May 21 2021

Intelligent Authentication: What Is It, and How Can It Help Financial Institutions?

Financial fraud is on the rise. How can emerging AI-driven authentication tools help banks break the cycle?

Fraud isn’t a new problem in banking, but it is on the rise. From 2015 to 2018, more than half of banks reported an uptick in external fraud volume and value, with most issues tied to identity theft. What’s more, as noted by the Insurance Information Institute, recent years have seen a massive increase in identity theft attacks: In 2020, the FTC received 4.8 million fraud and identity theft reports. This marks a 45 percent rise from 2019 numbers, driven in large part by the 113 percent increase in identity theft.

As a result, it’s clear that banks and other financial institutions need new ways to shore up security and ensure that only authorized users have access to client and corporate financial data. A class of emerging artificial intelligence-driven technologies related to user authentication can help.

MORE FROM BIZTECH: Learn what to look for to know if your organization has an insider threat problem.

Biometrics Drive Intelligent Authentication for Banks

Intelligent authentication offers a new way for banks to build out effective fraud protection. Instead of verifying users based on familiar — but easily compromised — access conditions such as usernames, passwords and even one-time text tokens, intelligent authentication relies on biometric or behavioral frameworks to help reduce the risk of fraud.

As noted by Finextra, some of the world’s biggest banks are already investing in biometric technologies; KPMG reports that two-thirds of “legacy” financial institutions are prioritizing the shift to voice, fingerprint and facial recognition tools. This aligns with consumer security sentiment: 61 percent of survey respondents say that biometric solutions are at least as secure as traditional passwords.

Along with technologies capable of recognizing fingerprints and facial features, firms are also developing behavioral tools that allow authentication based on conditions such as where or when users typically log in, what they usually do and even how they hold their devices.

Going Beyond Identity and Access Management

Identity and access management (IAM) tools are now table stakes for financial institutions. To protect client data and ensure the right people have access to the right services at the right time, robust IAM is critical.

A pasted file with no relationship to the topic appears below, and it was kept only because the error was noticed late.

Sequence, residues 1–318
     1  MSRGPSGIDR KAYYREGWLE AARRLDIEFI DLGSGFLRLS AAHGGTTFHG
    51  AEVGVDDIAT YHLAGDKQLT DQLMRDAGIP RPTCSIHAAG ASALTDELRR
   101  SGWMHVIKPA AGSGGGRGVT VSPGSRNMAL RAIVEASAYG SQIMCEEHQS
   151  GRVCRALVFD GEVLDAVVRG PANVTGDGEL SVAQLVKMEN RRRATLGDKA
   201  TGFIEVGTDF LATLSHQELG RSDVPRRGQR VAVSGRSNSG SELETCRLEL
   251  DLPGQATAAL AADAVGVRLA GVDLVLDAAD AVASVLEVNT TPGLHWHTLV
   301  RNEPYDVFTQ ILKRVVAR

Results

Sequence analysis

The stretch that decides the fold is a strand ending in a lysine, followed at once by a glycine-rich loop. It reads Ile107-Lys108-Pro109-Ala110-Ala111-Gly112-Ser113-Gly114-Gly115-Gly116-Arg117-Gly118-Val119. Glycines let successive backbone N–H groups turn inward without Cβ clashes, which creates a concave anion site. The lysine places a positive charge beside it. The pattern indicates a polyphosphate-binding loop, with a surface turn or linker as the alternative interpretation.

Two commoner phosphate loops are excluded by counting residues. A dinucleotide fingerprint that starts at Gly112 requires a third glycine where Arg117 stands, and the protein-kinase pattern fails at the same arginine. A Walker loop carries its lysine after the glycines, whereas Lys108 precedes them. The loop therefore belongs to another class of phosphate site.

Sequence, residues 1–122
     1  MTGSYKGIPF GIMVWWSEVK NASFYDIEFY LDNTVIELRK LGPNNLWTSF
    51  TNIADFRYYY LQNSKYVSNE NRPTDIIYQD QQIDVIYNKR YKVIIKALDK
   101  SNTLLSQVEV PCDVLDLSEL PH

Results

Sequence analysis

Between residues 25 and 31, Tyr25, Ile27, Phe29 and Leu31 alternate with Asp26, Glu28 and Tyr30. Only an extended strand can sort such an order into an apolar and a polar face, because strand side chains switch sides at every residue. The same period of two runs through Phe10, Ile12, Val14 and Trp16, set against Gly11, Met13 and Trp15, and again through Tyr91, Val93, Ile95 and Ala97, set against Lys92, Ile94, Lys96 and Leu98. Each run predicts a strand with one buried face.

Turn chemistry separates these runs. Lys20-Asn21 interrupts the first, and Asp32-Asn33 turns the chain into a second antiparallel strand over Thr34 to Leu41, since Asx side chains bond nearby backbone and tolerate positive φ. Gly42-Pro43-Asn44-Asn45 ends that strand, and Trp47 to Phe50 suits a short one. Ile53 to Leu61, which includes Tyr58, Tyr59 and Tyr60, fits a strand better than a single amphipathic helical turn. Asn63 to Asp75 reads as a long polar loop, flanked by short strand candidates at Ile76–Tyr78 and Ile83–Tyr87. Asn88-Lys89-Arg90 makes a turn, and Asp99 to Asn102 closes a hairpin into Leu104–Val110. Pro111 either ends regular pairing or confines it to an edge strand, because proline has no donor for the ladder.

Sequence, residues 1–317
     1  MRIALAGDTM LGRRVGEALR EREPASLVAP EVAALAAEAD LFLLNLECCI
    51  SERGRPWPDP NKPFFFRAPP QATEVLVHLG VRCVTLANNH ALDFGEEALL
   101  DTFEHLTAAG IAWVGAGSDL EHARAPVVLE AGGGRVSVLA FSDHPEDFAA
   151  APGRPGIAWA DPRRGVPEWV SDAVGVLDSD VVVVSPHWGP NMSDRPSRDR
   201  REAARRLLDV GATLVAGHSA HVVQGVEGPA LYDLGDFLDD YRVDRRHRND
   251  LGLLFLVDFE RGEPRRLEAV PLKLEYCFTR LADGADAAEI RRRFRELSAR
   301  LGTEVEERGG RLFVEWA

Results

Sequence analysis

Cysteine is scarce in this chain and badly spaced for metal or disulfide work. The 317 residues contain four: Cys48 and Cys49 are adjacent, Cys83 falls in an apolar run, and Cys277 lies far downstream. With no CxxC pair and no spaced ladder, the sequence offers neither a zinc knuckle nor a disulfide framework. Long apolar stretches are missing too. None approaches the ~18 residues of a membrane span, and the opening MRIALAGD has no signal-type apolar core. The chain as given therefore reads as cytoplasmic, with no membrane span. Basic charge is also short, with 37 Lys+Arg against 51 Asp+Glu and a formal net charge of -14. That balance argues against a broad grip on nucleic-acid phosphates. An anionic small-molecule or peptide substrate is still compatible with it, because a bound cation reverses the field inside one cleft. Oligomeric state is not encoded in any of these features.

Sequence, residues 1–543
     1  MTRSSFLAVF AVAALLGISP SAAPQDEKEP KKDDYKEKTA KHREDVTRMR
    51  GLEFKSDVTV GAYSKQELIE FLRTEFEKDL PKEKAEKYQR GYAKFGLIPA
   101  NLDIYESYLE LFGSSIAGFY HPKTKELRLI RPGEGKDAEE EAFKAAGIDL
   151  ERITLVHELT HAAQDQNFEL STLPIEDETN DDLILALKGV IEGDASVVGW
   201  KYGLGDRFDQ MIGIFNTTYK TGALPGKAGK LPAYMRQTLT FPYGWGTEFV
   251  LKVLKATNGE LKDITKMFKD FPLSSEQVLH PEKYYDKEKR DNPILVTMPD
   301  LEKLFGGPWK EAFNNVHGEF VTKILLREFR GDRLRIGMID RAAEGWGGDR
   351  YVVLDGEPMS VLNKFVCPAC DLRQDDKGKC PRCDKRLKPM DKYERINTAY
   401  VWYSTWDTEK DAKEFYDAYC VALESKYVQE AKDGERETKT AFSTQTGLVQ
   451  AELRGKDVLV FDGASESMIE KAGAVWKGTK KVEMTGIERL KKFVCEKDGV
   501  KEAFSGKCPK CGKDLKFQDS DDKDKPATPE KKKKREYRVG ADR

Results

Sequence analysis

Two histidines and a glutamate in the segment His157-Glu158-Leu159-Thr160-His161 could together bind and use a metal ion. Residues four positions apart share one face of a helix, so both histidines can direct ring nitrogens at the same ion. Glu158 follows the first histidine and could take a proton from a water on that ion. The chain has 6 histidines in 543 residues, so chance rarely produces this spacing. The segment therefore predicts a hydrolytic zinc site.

But IAM also comes with challenges for financial security. While many solutions have moved beyond username/password gateways to include two-factor authentication, these SMS or token-based alternatives are still subject to potential compromise if attackers can carry out eavesdropping attacks or gain physical access to user tokens.

IAM also presents the problem of overly permissive access. For example, once clients or staff have been verified, there’s often no further control, in turn making it possible for users to access systems or services that are beyond the scope of their immediate needs.

This predicates the shift to privileged access management solutions that use a zero-trust model to authenticate users. Instead of assuming user identify based on limited permissions evaluation, zero-trust models require robust verification through biometric or behavioral assessments, and then only provide access to role-based services. For example, while authenticated clients using web portals could gain access to basic account information, access to privileged functions such as large-volume currency transfers or investment purchasing could be gated by additional layers of intelligent authentication.

MORE FROM BIZTECH: Strategies for securing data through cloud storage encryption.

Implementing Intelligent Authentication

While more security is tied to better overall protection for banks and clients, simply adding new services without consideration for existing environments can increase overall complexity and reduce security in situ. As a result, banks must consider three factors for effective authentication:

  • Is current infrastructure capable of handling the requirements of biometric or behavioral solutions such as storage capacity, bandwidth and resource availability?
  • How will new intelligent authentication solutions interconnect and interact with existing systems, especially those tied to legacy mainframe solutions?
  • What does implementation look like in practice? Here, banks often benefit from expert third-party assistance to vet potential solutions and determine the best deployment strategy.

Implemented at scale and backed by zero-trust solutions, intelligent authentication can help financial firms reduce fraud, streamline access and improve customer satisfaction.

This article is part of BizTech's EquITy blog series. Please join the discussion on Twitter by using the #FinanceTech hashtag.


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